School District updates Title IX sexual harassment policies


Matthew Kim

A photo of the sexual harassment posters distributed to teachers this year. The District updated its Title IX sexual harassment policy this year, including creating a team specifically dedicated to handling Title IX harassment cases.

Over the summer, the Mountain View–Los Altos (MVLA) District updated its Title IX sexual harassment policies, including creating a dedicated Title IX team to handle issues such as sexual harassment cases.
“There’s nothing more that any of us at the District want than for all students to feel safe and to have the complete potential to focus on their right to an education,” Title IX Coordinator Teri Faught said.
Title IX of the Education Amendments of 1972 is a national law that prevents government-funded schools from discriminating against students or employees by sex, including providing protection from sexual harassment and assault.
This summer, the District put together a dedicated Title IX team that will oversee all complaints under the jurisdiction of Title IX. This team includes a coordinator, various investigators and decision-makers. Sexual harassment cases that don’t fall under Title IX will continue to be directed to the Assistant Principals.
This June, the Biden administration released proposed changes to Title IX, which would expand the definitions of sex-based harassment and discrimination to include sexual orientation and gender identity. In addition, many of these proposed changes were written to reverse changes by the previous Trump administration, which significantly increased the burden of proof for harassment and discrimination. Under the Trump administration, if a complaint progressed to the investigation stage, the regulations required the complainant to be cross-examined in a room with the perpetrator.
“It was like a trial,” Director of Student Services and Equity Perla Pasallo said in regards to the previous sexual harassment policy. “The revisions offer much more protection in a quicker time with less bulk.”
Although these proposals have not been put in place yet, the District has already modified the school’s sexual harassment policies, making the complaint process more accessible.
As part of the push to streamline and improve the school’s sexual harassment policy, all teachers were given laminated posters in Spanish and English to put up in their classrooms with details about what sexual harassment is and how to respond to it. The poster lists situations considered sexual harassment and provides a few next steps for reporting the incident, including recording the harassment in writing and contacting a teacher or administrator immediately.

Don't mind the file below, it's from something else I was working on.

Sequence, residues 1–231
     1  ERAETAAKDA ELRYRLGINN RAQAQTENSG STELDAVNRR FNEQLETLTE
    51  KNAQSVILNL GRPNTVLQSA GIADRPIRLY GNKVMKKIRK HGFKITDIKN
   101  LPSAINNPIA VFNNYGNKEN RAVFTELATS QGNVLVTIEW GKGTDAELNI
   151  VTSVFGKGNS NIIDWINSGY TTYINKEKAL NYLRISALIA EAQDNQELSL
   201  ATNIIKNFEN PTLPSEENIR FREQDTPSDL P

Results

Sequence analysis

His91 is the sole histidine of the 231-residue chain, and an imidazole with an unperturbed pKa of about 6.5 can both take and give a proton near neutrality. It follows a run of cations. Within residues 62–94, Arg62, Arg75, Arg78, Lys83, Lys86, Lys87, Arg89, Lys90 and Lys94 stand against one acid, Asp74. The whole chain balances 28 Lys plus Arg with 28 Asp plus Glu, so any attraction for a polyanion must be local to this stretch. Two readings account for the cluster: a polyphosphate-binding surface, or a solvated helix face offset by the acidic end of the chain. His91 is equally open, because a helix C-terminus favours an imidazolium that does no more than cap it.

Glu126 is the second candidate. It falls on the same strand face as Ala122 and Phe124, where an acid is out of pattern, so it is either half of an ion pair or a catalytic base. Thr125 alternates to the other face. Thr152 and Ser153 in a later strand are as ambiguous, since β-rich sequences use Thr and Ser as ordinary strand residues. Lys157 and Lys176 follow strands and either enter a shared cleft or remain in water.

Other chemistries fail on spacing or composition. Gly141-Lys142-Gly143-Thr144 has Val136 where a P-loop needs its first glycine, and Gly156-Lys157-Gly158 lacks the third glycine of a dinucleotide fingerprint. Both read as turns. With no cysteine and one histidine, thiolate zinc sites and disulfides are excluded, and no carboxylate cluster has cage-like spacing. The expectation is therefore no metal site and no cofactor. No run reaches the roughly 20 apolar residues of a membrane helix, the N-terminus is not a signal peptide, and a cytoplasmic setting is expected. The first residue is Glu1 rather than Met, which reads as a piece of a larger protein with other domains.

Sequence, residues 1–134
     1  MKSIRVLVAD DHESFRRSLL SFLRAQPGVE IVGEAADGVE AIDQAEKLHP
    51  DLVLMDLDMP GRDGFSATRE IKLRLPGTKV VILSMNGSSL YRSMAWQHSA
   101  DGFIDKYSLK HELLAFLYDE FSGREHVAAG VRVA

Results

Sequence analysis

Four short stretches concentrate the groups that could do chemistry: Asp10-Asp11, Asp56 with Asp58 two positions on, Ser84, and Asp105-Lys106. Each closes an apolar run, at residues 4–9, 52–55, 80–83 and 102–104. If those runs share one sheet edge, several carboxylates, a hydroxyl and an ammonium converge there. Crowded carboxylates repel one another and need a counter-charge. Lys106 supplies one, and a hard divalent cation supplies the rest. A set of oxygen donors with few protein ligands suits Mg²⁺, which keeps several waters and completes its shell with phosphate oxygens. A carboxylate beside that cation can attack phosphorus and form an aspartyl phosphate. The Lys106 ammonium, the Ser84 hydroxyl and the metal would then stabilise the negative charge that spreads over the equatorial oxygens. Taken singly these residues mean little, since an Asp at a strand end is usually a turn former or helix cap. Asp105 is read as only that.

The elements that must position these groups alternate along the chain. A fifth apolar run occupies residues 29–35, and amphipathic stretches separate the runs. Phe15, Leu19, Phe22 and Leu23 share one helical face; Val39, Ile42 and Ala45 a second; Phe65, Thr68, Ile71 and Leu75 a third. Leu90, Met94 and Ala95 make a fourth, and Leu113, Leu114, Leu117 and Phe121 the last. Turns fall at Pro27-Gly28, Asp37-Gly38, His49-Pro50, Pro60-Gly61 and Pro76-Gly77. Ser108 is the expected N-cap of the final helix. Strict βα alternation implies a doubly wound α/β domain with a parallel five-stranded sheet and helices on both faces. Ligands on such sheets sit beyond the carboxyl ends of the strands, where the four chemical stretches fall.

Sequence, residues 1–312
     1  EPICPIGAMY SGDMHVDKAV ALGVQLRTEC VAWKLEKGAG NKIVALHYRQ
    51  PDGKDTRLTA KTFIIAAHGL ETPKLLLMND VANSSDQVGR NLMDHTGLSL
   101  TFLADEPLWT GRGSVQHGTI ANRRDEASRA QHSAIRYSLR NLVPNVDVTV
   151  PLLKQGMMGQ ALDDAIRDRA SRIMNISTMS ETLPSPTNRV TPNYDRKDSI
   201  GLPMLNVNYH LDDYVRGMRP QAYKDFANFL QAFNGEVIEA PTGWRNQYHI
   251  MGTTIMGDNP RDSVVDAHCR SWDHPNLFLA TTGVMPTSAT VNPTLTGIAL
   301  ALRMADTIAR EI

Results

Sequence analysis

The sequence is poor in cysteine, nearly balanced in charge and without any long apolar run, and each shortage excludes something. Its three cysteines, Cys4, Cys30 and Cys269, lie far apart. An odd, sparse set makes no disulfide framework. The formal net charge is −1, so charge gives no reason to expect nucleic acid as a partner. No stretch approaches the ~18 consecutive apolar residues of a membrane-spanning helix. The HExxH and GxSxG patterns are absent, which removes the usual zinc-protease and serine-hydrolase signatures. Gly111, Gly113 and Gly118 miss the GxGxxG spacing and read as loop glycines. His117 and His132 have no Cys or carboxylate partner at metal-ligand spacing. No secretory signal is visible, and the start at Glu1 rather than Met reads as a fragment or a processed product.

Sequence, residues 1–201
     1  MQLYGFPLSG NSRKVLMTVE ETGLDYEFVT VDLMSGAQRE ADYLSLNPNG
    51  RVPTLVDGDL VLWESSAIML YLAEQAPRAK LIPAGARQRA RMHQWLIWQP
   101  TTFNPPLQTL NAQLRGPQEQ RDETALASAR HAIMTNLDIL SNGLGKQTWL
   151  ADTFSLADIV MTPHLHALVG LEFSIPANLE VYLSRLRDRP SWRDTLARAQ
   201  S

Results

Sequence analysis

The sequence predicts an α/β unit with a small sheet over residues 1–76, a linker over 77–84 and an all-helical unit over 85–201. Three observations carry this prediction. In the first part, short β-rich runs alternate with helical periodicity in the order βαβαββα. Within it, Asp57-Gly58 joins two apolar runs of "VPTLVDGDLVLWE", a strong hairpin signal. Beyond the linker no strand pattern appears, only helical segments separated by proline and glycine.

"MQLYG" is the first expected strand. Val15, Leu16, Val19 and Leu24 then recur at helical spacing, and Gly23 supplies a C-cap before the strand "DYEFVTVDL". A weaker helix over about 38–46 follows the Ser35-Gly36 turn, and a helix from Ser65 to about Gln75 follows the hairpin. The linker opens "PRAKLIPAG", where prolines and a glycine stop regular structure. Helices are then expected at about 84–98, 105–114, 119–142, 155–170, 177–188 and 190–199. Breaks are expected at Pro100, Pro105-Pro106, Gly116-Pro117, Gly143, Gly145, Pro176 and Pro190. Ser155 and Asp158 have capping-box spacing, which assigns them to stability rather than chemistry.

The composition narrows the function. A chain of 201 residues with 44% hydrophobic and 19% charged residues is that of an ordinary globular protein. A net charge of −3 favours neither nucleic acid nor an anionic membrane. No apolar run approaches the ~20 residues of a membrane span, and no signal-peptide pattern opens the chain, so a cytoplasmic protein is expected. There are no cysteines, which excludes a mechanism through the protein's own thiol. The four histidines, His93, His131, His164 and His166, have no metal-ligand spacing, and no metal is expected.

“You have the right not to be harassed, you have the right not to be assaulted, you have the right to be safe on campus,” District Wellness Coordinator William Blair said. “If anyone is violating that right, let the administration know.”
Even if a sexual harassment complaint doesn’t fall under Title IX, the school still has a range of support measures it can take to protect the complainant, which can include disciplinary actions or other supportive measures to keep involved parties separate on campus.
“What’s going on isn’t always pervasive and severe, but it’s annoying and students want it to stop,” Blair said. “It doesn’t have to break the law for students to come to us for help.”
School policies are constantly undergoing revision as a result of state or federal changes, but policy revisions also consider student feedback. Last April, the school hosted an online webinar during Academic Collaboration Time about sexual harassment and safe relationships, with the opportunity to submit feedback at the end. The District hopes that with updated policies and increased awareness, school can be a safer and more inclusive space for all students.
Students looking to submit a sexual harassment complaint for themselves or someone else should email Faught at [email protected], who coordinates investigation and communication with students and families in the case of a Title IX complaint.
“If you come and report an event, you will be listened to and heard,” Faught said. “We will take it seriously, we will work with you, we will listen to you, and we will do our due diligence of following through.”